The Norwegian novelist, playwright and poet Jon Fosse has had a long association with Presence. I first became aware of him when I was on the script committee at The Royal Court in the mid nineties. I met him for the first time at The National Theatre's BT Connections in Keswick and told him that he was the playwright who spoke to me more than any other. I said I would do what I could to produce his plays in the UK (It's been slow going over the years). We founded Presence Theatre a few years later and our first full production was Warm at Theatre 503. This was an oblique love triangle played out at the end of a pier or landing place at the edge of a Norwegian fjord. Everyone seemed to find it baffling except those who permitted its utter simplicity. We have also presented readings of his early masterpiece The Name (still on our to-do list) and Sea, both at The Norwegian Embassy, for whose support over the years we are very grateful. I have also directed Dead Dogs at The Print Room (now The Coronet). This was not a Presence production, but it was a consequence of the company's work with Fosse over a decade.I have also directed a number of his plays at various drama schools, including The Girl On The Sofa at RADA. Presence has covered most of Fosse's plays in its reading group,now nearly twenty years old.
In the last few years Fosse has returned almost exclusively to writing fiction. Septology, written in one sentence over seven volumes, is, in my view, the novel of the century so far and surely swung The Nobel Prize For Literature in his favour this year. For a writer who is a dog lover, considering them to be 'angels', it is typical that this story of the transition or transmigration of a soul from one dying painter to one still living happens via a small white dog, Bragi, the transubstantive soul. The two painters are, of course, a single entity. The idea of a soul flowing through skin into a collective unity is, obviously, counter cultural in an English theatre rooted in indivisible characterisation and motive.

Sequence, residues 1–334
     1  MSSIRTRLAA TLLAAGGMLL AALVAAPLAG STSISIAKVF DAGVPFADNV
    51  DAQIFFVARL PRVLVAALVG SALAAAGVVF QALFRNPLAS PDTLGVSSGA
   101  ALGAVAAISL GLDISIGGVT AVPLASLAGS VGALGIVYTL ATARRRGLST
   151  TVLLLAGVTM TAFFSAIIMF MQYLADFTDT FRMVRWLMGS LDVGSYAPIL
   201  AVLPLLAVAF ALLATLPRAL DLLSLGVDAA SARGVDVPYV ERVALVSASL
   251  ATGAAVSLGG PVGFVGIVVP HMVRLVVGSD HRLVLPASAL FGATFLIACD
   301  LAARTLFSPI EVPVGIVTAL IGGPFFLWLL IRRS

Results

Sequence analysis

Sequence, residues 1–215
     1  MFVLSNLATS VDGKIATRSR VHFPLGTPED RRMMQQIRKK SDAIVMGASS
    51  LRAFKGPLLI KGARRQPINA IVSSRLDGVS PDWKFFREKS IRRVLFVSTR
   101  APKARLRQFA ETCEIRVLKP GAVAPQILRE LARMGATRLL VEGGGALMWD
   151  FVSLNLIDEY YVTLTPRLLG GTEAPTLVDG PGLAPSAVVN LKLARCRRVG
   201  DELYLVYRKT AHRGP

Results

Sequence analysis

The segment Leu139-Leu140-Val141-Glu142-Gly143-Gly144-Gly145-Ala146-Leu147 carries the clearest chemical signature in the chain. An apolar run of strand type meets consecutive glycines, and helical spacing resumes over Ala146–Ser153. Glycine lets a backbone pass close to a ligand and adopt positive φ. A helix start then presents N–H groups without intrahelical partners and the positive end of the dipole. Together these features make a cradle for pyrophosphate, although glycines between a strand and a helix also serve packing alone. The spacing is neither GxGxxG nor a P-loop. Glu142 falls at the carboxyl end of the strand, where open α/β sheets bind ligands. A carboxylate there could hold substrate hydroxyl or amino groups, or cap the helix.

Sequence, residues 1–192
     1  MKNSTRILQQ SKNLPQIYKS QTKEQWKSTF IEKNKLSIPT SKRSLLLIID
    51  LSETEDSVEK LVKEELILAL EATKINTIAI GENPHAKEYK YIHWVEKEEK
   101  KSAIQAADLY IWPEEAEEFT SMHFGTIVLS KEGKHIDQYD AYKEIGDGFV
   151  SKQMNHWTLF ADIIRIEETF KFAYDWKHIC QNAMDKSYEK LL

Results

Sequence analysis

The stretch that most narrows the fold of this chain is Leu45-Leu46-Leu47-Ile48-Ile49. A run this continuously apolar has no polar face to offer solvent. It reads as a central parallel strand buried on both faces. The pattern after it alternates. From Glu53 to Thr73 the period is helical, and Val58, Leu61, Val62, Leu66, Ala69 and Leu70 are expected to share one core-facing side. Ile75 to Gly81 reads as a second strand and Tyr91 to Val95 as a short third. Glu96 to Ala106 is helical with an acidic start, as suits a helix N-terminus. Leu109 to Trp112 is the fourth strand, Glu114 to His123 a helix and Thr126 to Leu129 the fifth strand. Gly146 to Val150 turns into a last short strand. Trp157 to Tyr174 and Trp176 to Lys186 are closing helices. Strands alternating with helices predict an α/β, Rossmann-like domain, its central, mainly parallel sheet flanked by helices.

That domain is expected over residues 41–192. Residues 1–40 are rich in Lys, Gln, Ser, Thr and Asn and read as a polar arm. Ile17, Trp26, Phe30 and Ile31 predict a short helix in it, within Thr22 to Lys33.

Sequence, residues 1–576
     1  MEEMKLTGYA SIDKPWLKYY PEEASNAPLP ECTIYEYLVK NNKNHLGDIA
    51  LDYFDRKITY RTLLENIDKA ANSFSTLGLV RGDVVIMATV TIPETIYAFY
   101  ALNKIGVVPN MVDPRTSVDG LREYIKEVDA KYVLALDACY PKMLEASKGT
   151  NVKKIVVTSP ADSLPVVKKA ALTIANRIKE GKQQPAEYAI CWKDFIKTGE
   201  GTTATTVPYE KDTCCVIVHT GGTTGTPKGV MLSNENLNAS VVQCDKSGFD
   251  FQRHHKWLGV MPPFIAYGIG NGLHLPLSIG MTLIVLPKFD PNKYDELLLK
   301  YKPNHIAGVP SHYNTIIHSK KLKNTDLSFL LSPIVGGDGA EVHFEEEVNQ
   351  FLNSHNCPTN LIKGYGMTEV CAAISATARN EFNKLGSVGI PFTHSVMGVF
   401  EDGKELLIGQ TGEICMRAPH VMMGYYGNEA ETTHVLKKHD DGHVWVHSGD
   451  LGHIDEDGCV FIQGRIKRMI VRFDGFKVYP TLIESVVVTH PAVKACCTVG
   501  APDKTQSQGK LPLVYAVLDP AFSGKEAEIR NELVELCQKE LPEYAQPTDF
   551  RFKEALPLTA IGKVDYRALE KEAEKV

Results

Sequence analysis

We are currently intending to produce As It Was, a play for one actor and very much Septology's afterbirth. A man, a very successful painter who believes he has sacrificed his life - wives, children and so on-for his work, is near the end. In some way he desires the end, but also fears it. He is uncertain about what life is, inevitably, so how can he know what death is, except not-to-be-alive. He is lonely, infirm. visited by a woman he doesn't care for who always asks him about the children he wouldn't even recognise, let alone hear from.
But he has become a devout Catholic. The play marks his desperate attempt at prayer as his powers fail and fade. Can he say The Lord's Prayer? It may stabilise him in a moment of Life or Death crisis.
In a world as spiritually hungry as ours (though often we don't know it) this play could save lives. We are determined, as is Jon, to mount a production.